There are more than 1,200 Victorian-era style homes spread across Alameda. Franklin Park at Paru Street and San Antonio Avenue makes a good starting point to enjoy a look at homes built in these styles. Grand Street, just a block to the east, has homes of almost every Victoria-era style to delight the eye. While Craftsman-style homes also abound, the East End makes a good place to get to know these homes. A peek into Stoneleigh — a whimsical name in itself — on Santa Clara Avenue just across from Cottage Street will reveal a courtyard brimming with Storybook-style homes. Oddly enough, signage on the entrance on the North side of the courtyard located on Lincoln Avenue instead calls it “Stonehenge.” The East End is also dotted with these homes.

Alameda’s beaches, parks and paths; its stores, museums, and cultural centers; the City’s theaters and shops, along with its wonderful collection of stylish homes all beckon you to visit, and maybe, just maybe, to stay.

Dennis Evanosky is an award-winning East Bay historian and the Editor of the Alameda Post. Reach him at [email protected].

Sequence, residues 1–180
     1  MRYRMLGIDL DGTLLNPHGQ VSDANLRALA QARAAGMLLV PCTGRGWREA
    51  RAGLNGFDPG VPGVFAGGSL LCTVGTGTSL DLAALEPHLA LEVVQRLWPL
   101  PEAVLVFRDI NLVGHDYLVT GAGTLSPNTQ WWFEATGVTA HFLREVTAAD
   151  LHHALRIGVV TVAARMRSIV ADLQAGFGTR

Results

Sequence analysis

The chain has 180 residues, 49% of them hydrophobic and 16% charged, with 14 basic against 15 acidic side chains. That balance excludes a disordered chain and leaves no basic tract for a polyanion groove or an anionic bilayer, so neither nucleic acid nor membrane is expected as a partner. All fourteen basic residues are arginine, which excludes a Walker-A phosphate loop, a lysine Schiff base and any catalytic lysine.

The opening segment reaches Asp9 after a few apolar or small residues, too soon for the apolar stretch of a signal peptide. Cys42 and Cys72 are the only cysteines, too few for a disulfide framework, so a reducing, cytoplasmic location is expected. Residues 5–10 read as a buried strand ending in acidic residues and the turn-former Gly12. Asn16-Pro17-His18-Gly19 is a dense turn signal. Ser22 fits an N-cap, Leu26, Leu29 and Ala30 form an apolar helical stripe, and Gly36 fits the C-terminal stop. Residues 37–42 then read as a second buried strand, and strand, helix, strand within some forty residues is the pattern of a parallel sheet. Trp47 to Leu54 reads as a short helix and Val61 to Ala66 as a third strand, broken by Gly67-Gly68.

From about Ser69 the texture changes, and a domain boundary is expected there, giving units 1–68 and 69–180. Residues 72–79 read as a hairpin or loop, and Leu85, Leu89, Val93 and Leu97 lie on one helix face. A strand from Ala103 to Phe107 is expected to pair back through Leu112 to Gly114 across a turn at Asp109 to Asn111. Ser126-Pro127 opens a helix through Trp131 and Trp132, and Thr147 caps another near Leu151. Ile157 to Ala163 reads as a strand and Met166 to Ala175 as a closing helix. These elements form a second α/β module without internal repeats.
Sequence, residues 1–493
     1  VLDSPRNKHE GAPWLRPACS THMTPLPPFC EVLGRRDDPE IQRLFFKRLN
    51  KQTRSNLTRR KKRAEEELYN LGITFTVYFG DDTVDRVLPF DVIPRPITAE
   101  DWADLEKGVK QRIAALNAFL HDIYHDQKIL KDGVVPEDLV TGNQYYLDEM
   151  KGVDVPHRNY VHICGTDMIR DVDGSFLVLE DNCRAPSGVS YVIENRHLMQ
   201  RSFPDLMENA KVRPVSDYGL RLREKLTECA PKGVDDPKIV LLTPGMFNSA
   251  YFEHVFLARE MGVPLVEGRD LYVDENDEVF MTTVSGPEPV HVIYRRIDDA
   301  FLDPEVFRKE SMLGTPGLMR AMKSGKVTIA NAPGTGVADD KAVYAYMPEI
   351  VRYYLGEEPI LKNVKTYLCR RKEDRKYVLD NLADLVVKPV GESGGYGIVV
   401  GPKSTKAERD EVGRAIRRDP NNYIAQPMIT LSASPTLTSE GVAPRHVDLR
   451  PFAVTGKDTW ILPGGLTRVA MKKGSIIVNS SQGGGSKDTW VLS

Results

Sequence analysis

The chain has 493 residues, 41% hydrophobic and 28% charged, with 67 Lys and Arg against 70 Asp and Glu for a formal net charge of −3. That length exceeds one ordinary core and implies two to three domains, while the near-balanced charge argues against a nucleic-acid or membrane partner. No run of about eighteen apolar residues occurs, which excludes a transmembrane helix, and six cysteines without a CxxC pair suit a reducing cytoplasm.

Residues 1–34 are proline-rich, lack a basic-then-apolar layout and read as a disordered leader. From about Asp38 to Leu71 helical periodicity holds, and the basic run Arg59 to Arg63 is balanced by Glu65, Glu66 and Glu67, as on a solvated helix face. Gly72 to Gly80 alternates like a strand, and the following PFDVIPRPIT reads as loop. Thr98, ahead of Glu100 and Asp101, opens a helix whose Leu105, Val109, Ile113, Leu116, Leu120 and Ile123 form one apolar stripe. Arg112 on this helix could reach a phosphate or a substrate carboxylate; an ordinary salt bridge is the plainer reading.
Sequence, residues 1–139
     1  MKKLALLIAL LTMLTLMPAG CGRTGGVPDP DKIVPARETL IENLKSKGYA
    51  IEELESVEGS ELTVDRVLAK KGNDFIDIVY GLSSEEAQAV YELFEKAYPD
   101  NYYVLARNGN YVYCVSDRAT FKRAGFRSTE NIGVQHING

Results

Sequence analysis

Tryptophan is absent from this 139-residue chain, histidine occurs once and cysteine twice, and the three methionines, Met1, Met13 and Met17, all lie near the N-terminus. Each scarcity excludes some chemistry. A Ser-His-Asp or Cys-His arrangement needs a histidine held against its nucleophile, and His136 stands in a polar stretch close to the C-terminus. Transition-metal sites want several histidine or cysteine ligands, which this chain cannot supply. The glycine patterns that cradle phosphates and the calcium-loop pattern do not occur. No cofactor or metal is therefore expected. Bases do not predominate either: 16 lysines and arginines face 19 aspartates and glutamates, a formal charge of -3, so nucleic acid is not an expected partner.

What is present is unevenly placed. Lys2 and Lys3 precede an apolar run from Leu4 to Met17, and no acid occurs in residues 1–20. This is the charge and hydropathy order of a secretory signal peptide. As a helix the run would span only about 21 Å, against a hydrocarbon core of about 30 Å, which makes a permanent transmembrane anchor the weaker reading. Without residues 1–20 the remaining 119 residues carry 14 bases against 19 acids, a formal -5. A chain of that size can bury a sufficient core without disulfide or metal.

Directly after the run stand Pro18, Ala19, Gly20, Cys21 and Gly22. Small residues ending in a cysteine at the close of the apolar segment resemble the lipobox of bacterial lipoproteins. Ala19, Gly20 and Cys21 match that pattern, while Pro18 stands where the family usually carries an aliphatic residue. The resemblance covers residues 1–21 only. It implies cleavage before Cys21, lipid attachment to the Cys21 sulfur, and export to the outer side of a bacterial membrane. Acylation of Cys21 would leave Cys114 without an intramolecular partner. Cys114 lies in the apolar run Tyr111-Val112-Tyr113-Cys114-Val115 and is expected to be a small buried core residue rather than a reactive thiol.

Join Alameda Post’s community!

We hope you enjoyed this article. Will you support us?

Alameda Post Inc. applied to the IRS for 501 (c)(3) non-profit status earlier this year. Members will be notified when the IRS sends a positive determination letter, making their membership or donation tax-deductible. Sticker and shirt benefits will be available starting in October. Monthly members will receive their benefits after three months of membership. Memberships including tickets to history walking tours will be offered in limited quantities.

Get our weekly newsletter!

Register to receive a free weekly email newsletter of the week’s news from the Alameda Post. We will never share or sell your information.